Looking for Alaska
Original Run: October 18, 2019
Genres: Drama, Romance, Teen
Run Time: 48-57 minutes
Created By: Josh Schwartz
Starring: Charlie Plummer, Kristine Froseth, Denny Love, Jay Lee, Sofia Vassilieva, Landry Bender, Uriah Shelton, Jordan Connor, Timothy Simons, Ron Cephas Jones
Teenager Miles enrolls in boarding school to try to gain a deeper perspective on life; after an unexpected tragedy, Miles and his friends try to make sense of what they have been through.
I watched this series straight after reading the book for the first time, and I fell head over heels in love with John Green’s book. I was so excited to watch the series after watching the trailers, they did a phenomenal casting job and the characters all looked and had the attitudes that I envisioned while reading. Most of the story points remained true to the original, and I was laughing and sobbing like a baby just as much as I did when reading the book. I wanted so badly to love this series, my husband and I both being huge fans of the book, but we were a little disappointed. We expected there to be some changes in the adaptation naturally, that is the nature of adaptations. The story needs to be crafted in a way to appeal to a wide audience, I get that. However, I had very mixed feelings about some of the changes to the plot and characters.
I couldn’t stand that they made Chip pettier, his fight with Alaska lasted entirely too long, the book made me sob because they felt like true best friends, but this is lost in the show. He was one of my favorite characters in the book, but he was unlikeable in the show, and there was so much more drama about him and his girlfriend which I did not care for. I especially did not like the changes to the tentative romance between Miles and Alaska, and the annoying catfighting between her and basically every other female character.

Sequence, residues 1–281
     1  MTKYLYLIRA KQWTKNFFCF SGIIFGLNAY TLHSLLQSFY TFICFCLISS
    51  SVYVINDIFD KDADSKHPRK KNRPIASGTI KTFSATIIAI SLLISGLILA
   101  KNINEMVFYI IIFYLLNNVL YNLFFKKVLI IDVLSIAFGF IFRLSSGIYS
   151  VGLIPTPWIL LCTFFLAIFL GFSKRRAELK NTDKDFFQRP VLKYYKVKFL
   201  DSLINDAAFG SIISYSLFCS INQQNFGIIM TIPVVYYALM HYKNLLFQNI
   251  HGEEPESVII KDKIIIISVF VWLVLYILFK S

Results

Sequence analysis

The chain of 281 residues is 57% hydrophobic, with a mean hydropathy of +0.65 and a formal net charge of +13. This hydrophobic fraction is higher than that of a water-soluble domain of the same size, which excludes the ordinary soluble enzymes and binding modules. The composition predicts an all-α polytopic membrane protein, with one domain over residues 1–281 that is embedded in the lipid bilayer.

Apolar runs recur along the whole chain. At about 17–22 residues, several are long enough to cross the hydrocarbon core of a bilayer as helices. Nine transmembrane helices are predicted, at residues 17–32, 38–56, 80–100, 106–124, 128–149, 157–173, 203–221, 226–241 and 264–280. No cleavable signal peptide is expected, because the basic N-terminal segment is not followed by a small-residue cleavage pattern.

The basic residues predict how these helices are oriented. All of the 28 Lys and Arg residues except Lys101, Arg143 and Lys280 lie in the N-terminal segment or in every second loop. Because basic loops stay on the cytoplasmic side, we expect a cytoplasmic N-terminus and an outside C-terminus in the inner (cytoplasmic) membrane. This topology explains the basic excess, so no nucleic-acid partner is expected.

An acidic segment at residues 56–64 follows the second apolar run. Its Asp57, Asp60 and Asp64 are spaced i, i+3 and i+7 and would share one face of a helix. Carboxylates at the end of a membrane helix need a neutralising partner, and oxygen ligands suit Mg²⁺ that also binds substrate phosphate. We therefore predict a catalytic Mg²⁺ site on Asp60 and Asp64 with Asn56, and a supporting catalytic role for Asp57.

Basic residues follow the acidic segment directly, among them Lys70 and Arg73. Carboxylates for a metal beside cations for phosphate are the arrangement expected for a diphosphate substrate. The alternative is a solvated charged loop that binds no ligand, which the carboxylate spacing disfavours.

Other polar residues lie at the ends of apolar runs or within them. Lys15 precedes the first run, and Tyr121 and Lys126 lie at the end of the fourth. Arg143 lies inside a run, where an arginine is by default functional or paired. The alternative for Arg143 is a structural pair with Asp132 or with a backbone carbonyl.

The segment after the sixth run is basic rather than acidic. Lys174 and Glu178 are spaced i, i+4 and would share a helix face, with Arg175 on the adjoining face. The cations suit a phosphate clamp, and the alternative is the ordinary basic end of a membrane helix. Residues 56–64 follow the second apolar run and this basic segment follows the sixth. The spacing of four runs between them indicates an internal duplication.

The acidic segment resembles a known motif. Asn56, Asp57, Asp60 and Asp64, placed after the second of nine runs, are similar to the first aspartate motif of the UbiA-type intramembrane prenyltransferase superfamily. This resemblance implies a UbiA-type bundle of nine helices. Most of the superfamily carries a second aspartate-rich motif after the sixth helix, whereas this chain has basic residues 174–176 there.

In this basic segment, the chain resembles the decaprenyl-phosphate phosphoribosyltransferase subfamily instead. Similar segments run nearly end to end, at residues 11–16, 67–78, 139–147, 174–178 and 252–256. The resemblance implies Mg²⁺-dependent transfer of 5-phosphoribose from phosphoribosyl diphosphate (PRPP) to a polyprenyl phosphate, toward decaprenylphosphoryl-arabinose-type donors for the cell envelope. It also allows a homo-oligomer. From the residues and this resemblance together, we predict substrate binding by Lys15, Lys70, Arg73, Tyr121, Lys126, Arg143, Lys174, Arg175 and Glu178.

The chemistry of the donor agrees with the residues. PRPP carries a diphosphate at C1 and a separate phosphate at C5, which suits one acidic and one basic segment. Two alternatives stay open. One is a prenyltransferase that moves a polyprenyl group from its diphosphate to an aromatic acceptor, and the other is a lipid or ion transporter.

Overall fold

The show was advertised to expand more on Alaska’s character and see things more from her perspective, but in a way, I feel that the writers did not fully understand her character. Part of what made Alaska who she was is that she was a proud feminist, very much in love with her boyfriend and conflicted about Miles, and ultimately kept him guessing the true nature of their relationship. It was never really about him, not really, and that was the point.
One of the strong aspects about Alaska in the book is that she is very aware of the way that the people around her view her, stating very directly to Miles that he only likes her because she’s the “fun” girl, but that he doesn’t actually like her for her true self. This was a very clear criticism of the male gaze and the way that women are idealized and stripped down of their personalities in the eyes of male desire. In the show this does not come through, instead, we are given an Alaska that is jealous out of nowhere over her boyfriend, and jealous over Lara who she set up to date Miles which made no sense. The plot devolved into petty melodrama and takes a strong feminist character and watered her down so much that she couldn’t pass the Bechdel test in the show.
But I digress, it is a decent adaptation overall that stays true to the core plot and the character development that is experienced by Miles, Takumi, and the Colonel. I loved that Dr. Hyde’s character was expanded upon, and he played a stronger role as a mentor for the main cast of characters. He was one of my favorite characters in the book and I loved him even more in the show. Each of the actors also did a phenomenal job in the parts that they were given, they really made the characters from the book come to life.
Warnings: drug use, sexually explicit content